New statistics reveal a drop in the number of rail journeys for the first time since 2009-10, with 1.4 per cent fewer trips than last year.
The statistics from the Office of Rail and Road (ORR) shows this decline in 2017-18 may be fuelled by a 9.2 per cent fall in season ticket journeys. Furthermore, a 3.8 per cent increase in ordinary tickets suggests a shift in the type of fares used by passengers.
It’s the largest annual decrease since 1993-94.
In total, about 1.7 billion journeys took place on the UK’s rail network.
The decline comes in a year when passengers have faced disruption due to strikes, timetable changes and delayed infrastructure projects.
London and the South East – which makes up about two-thirds of the national total – saw passenger journeys drop for the second year in a row, with South Western Railway experiencing the biggest fall at 7.9 per cent to 212 million. The ORR says this is the lowest number of journeys on the franchise since 2012-13.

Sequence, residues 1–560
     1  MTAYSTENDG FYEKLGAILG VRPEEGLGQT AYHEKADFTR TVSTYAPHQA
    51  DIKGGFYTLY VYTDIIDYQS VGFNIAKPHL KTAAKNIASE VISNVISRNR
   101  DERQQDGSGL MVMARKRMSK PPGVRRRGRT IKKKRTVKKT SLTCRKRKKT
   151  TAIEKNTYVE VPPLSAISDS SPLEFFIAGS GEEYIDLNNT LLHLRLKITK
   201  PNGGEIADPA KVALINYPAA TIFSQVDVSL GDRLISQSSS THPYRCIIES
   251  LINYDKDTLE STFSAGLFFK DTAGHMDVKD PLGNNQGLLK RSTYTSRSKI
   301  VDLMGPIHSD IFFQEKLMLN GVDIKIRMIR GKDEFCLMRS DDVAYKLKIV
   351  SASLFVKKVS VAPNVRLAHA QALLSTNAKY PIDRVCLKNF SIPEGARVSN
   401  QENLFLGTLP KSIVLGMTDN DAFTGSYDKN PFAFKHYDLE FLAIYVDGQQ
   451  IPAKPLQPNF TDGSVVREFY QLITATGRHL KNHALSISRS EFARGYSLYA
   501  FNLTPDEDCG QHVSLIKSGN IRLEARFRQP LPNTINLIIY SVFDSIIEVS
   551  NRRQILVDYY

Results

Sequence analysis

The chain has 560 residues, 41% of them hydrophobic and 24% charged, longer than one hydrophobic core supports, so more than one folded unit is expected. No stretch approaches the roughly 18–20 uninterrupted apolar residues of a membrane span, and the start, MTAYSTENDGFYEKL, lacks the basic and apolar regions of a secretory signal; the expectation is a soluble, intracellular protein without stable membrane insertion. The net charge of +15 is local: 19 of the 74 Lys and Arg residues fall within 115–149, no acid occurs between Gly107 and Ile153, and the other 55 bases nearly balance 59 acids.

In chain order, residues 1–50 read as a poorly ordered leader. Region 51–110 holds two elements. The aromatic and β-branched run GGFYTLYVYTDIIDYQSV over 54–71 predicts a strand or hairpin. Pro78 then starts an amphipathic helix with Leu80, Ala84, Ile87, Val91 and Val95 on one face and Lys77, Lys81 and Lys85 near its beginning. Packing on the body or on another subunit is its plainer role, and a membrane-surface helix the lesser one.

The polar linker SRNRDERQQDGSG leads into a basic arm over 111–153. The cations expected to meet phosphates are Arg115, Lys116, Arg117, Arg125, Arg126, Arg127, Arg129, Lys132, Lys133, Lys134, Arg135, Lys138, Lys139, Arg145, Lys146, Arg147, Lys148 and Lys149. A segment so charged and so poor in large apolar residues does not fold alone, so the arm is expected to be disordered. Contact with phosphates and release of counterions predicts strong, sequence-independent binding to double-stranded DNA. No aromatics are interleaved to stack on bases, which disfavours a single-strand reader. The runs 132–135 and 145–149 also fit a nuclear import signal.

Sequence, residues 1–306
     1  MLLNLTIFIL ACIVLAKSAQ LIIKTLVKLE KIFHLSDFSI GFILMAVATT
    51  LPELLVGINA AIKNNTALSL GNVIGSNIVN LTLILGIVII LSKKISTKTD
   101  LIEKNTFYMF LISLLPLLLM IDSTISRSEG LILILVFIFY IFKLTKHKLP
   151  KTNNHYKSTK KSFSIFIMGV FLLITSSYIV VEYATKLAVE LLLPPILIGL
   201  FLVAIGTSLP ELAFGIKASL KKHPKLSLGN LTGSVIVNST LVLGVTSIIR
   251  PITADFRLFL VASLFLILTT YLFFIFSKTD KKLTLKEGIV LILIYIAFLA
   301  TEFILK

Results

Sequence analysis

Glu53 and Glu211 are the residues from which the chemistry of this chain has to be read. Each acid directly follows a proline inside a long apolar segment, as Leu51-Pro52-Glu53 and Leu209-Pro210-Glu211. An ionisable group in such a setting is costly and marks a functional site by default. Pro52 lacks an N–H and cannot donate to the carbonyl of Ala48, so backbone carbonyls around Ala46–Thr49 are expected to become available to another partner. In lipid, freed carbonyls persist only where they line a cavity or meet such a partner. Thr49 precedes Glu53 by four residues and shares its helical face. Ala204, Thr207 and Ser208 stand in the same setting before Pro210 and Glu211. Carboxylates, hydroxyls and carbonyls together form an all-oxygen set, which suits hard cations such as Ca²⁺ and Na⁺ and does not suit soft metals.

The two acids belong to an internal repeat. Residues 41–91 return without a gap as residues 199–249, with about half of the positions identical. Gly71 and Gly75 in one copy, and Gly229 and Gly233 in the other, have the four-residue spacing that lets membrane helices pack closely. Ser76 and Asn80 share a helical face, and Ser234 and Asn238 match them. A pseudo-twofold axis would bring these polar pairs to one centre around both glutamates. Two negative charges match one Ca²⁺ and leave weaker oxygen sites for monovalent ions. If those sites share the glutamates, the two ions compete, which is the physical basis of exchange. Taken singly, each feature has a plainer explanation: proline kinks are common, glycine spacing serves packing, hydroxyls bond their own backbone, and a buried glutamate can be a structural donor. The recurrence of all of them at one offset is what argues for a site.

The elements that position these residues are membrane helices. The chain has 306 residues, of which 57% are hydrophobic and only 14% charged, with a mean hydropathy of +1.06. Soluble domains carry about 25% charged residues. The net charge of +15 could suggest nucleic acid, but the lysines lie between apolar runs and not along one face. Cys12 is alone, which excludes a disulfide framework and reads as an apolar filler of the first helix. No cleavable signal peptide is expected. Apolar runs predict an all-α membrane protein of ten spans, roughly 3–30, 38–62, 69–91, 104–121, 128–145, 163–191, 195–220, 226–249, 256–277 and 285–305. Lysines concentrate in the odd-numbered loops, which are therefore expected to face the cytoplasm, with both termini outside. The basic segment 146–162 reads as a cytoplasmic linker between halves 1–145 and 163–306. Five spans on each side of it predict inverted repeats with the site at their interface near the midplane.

Govia Thameslink Railway (GTR) had the largest number of passenger journeys of all operators, but factors such as industrial strikes, staffing issues and planned cancellations contributed to a decrease of 2 million journeys.
Chiltern Railways, which opened the direct route between London Marylebone and Oxford City Centre in December 2016, saw a 6.4 per cent increase in passenger journeys. Meanwhile, Scotrail saw its highest growth rate since 2014-15 (3.8 per cent), which the ORR says could be attributed to the completion of improvement projects and electrification works.
Passenger revenue reflects the drop in journeys, with the growth rate falling to 2.3 per cent – the lowest level since 2000-01, according to the ORR.
Total revenue across the UK for the year reached just over £9.7 billion.